White House Press Secretary’s Book Excoriates Bush

Here I go again, introducing politics once more into our fairly non-political blog, but I had to get your reactions on this one. Bush’s former press secretary, Scot McCLellan, has written a book that will hit shelves Monday in which he absolutely obliterates dubya. He talks about the unparalleled lying, the “culture of deception” and Bush’s “decision to turn away from candor and honesty when those qualities were most needed” in our nation as it was on the brink of war. It’s all stuff that we’ve known, but it is decidedly poignant when coming from another former insider in the Bush White House. Of course, the White House’s official response via the current press secretary, Dana Perino, is that they all knew Scott was “disgruntled about his experience at the White House.” Uh, yeah, wouldn’t -or I guess- shouldn’t you be??? A bit hard to get past being used as a pawn for the lies of others. Although, perhaps their real argument is that he knew what he was doing, so he should’ve said something then or not accepted the post out of principle. No matter which way you cut it, it’s cynical to say the least, to try and portray yet one more former White House staffer with some insight as “disgruntled” and not worthy of paying attention to.

So here’s my question: How high would you have to go in the chain of employees in this administration who have written or will write books, for the White House’s official response to NOT paint that person out to be disgruntled and a liar? Will it take Dick Cheney writing a tell all on himself to finally get Bush’s press secretary to step up to the podium and say, “Well, Dick knows a lot about… Dick, so this book does have some truth to it. He was -as he admits in the book- ‘hell bent’ on going to war in Iraq. And he did indeed ‘sell that commie bitch, Valerie Plame, down the river’ by outing her as a CIA operative. Also, he was in fact the ‘de facto head baldy in charge’ as it were, so much of the blame can be placed on his hunched shoulders. However, let it be said that President Bush and the rest of us are taken aback by the accusation that the president agreed on all fronts with Mr. Cheney. He certainly did not. It was Mr. Cheney’s feeling, for example, that the president should actually keep playing golf throughout the Iraq War as a show of solidarity with the soldiers actually in the Gulf. This ‘Golf for the Guys in the Gulf’ campaign was too punny in the president’s opinion. He much preferred ‘Bagging Baghdad For My Dad’ as a slogan. So with that in mind, you can see that this book is really just the disgruntled rantings of a former Vice President who really wanted to be president… even though, he actually kind of was president, but not really, at least in an official kind of way, okay?”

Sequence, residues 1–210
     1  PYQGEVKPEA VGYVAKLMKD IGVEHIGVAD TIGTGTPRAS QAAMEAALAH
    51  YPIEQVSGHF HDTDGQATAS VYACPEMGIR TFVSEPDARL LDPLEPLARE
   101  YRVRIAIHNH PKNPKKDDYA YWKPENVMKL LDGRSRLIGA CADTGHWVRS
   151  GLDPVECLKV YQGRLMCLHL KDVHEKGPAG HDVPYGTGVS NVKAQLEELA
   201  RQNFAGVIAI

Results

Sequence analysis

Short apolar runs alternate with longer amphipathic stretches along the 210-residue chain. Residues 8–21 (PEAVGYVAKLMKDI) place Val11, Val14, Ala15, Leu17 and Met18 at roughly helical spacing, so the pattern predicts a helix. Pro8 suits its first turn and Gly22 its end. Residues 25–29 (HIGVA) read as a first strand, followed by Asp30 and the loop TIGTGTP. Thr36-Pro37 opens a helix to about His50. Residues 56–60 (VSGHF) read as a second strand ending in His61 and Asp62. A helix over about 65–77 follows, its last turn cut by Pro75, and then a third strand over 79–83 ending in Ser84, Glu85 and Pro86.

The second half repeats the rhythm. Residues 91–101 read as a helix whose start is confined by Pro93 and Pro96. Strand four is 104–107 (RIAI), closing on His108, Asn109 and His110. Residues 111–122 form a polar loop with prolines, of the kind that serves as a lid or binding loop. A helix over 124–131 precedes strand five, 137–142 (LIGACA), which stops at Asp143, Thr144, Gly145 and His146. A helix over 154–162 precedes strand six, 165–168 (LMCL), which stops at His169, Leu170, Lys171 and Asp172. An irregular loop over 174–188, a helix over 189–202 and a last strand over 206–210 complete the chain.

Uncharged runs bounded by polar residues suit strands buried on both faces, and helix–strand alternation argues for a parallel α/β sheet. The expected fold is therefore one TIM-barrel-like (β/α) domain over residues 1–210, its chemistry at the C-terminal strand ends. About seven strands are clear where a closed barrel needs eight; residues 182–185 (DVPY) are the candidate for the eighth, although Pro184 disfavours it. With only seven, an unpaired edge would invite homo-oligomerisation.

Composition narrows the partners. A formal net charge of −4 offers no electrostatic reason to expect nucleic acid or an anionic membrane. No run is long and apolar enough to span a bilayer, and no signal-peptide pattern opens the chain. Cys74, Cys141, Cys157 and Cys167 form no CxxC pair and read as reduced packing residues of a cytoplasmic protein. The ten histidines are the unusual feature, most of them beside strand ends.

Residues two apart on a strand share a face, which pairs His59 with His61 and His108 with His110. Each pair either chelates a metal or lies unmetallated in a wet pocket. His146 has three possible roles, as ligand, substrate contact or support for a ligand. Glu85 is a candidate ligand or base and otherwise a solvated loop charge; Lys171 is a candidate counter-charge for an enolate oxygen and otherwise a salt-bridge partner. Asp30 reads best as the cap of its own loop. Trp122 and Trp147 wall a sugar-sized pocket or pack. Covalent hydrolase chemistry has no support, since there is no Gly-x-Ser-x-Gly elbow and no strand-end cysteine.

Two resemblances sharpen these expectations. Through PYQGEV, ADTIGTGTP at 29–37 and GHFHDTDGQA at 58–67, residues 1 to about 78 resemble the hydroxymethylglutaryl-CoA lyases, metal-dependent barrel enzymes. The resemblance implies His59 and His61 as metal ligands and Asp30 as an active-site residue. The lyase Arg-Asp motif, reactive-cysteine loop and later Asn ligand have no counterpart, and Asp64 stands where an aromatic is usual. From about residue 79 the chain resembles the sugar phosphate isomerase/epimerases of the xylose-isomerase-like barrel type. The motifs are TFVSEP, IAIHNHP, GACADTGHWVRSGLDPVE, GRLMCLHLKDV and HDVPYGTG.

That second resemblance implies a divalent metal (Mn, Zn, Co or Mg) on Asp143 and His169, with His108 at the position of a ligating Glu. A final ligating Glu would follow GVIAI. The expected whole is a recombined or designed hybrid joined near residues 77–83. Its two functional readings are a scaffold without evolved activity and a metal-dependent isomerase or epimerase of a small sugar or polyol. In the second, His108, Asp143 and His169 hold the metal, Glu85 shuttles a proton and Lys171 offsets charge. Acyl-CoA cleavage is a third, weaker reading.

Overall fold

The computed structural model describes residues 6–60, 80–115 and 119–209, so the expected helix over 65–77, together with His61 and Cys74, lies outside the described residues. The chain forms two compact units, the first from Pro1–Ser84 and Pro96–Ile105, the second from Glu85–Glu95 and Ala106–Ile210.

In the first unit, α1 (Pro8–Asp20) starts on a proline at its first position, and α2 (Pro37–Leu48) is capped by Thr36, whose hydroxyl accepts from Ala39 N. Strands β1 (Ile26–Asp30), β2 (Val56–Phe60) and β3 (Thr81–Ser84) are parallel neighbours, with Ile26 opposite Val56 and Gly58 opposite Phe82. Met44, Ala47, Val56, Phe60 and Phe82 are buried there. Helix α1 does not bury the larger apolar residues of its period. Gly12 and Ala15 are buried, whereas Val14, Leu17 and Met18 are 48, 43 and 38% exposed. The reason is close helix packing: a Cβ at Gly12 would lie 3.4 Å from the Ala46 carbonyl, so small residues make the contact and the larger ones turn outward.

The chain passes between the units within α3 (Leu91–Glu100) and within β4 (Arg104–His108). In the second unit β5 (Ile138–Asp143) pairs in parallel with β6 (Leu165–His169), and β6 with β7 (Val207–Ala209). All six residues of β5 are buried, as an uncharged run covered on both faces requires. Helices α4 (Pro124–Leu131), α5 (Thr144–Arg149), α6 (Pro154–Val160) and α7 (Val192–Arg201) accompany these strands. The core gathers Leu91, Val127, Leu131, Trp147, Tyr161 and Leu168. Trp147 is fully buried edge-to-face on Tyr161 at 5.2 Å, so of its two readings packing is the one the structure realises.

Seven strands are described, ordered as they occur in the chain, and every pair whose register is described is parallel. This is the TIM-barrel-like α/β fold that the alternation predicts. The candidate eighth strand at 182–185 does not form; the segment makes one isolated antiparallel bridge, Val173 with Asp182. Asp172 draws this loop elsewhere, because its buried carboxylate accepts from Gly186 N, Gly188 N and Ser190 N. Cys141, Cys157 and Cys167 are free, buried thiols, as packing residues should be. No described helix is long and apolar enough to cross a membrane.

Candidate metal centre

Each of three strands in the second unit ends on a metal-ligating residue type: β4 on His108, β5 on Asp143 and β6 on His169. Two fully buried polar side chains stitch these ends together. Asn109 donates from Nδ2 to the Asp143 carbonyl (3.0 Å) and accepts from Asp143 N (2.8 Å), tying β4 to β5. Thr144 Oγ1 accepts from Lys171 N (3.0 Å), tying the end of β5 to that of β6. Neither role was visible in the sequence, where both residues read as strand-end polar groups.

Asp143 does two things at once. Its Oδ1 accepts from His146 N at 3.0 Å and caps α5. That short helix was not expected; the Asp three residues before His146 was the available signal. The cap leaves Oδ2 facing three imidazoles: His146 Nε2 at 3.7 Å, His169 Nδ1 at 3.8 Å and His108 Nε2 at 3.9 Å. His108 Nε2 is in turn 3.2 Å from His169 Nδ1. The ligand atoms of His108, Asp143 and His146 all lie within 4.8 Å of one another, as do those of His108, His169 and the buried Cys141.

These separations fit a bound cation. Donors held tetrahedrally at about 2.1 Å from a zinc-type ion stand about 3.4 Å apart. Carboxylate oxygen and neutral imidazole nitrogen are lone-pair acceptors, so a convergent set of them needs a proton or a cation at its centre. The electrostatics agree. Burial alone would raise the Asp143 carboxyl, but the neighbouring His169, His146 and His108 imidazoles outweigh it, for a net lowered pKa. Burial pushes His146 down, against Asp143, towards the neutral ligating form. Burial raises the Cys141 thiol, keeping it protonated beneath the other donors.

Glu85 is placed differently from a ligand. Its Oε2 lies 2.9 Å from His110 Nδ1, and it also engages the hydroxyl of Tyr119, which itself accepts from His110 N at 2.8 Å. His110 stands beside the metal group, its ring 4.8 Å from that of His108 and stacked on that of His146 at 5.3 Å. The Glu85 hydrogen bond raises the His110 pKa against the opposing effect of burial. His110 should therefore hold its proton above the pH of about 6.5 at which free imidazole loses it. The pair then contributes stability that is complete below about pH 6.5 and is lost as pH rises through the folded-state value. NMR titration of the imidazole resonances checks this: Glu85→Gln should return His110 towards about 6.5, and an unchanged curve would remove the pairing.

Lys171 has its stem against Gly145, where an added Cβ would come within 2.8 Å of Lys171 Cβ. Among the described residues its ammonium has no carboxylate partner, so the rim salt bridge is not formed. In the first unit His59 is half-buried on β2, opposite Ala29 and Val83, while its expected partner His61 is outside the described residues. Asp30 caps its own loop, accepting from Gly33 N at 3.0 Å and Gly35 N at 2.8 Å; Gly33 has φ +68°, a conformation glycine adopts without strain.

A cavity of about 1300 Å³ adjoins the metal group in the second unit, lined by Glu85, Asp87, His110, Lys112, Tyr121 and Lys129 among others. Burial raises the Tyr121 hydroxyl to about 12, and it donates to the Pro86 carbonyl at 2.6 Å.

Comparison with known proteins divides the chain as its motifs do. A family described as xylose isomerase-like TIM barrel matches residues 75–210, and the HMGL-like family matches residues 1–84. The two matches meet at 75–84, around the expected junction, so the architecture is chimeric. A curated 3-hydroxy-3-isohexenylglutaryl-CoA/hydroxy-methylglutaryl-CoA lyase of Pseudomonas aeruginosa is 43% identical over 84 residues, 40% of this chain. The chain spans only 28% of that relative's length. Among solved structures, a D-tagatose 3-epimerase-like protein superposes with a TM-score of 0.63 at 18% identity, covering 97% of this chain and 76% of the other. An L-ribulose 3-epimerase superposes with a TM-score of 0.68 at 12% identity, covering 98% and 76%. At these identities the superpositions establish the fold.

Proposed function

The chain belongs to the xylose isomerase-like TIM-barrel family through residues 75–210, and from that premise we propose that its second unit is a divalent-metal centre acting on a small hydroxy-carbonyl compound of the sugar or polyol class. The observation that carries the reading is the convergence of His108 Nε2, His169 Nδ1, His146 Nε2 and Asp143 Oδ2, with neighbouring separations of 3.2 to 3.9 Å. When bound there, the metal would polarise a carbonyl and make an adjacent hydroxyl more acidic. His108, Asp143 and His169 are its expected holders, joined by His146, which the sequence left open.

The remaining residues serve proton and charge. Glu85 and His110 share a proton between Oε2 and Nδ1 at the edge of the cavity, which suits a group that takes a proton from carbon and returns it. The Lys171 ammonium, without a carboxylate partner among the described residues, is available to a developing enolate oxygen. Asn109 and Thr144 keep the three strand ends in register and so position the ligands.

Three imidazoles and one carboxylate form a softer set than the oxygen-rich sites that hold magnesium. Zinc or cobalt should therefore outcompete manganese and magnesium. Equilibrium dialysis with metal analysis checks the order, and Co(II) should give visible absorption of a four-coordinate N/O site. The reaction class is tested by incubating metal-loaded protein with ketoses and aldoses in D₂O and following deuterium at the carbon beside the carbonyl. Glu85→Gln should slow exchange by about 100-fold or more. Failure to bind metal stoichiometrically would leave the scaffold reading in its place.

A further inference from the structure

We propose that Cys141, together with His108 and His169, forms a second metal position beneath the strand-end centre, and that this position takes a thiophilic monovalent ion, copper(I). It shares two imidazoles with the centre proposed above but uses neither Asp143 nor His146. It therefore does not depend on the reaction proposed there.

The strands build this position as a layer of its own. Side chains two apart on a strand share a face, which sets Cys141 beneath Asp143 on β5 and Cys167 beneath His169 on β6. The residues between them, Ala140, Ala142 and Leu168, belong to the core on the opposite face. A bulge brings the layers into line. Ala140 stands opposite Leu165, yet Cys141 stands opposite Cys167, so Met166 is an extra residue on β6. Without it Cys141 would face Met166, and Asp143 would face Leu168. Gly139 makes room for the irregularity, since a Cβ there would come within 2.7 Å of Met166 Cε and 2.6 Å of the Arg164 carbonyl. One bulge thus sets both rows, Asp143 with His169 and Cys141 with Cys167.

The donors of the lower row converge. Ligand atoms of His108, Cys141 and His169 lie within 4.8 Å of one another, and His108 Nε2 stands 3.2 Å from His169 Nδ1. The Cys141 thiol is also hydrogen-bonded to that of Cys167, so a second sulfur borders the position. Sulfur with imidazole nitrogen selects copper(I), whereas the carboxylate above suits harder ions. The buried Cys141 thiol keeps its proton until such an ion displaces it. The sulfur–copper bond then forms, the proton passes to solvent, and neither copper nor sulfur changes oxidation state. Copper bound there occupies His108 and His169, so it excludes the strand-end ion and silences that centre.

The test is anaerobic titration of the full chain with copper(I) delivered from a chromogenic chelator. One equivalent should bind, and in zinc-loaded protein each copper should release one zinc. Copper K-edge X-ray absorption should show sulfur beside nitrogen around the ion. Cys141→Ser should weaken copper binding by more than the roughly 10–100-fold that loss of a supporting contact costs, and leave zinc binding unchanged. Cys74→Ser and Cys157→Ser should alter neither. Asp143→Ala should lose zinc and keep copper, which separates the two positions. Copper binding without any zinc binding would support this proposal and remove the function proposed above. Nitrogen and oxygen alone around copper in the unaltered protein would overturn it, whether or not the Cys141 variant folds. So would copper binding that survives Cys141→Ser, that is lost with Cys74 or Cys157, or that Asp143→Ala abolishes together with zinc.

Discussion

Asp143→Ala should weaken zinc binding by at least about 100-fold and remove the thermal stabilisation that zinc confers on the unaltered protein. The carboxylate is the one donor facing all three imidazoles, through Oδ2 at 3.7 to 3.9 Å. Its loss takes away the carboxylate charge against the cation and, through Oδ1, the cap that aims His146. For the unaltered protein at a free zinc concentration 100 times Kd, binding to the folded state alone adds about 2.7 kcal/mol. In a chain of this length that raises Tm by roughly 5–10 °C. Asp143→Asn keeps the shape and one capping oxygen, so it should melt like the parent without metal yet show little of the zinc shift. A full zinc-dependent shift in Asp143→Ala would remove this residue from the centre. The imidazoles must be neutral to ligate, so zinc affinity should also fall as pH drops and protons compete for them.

I guess that wasn’t a question, more of a rant. I’m disgruntled though, so you have to forgive me.

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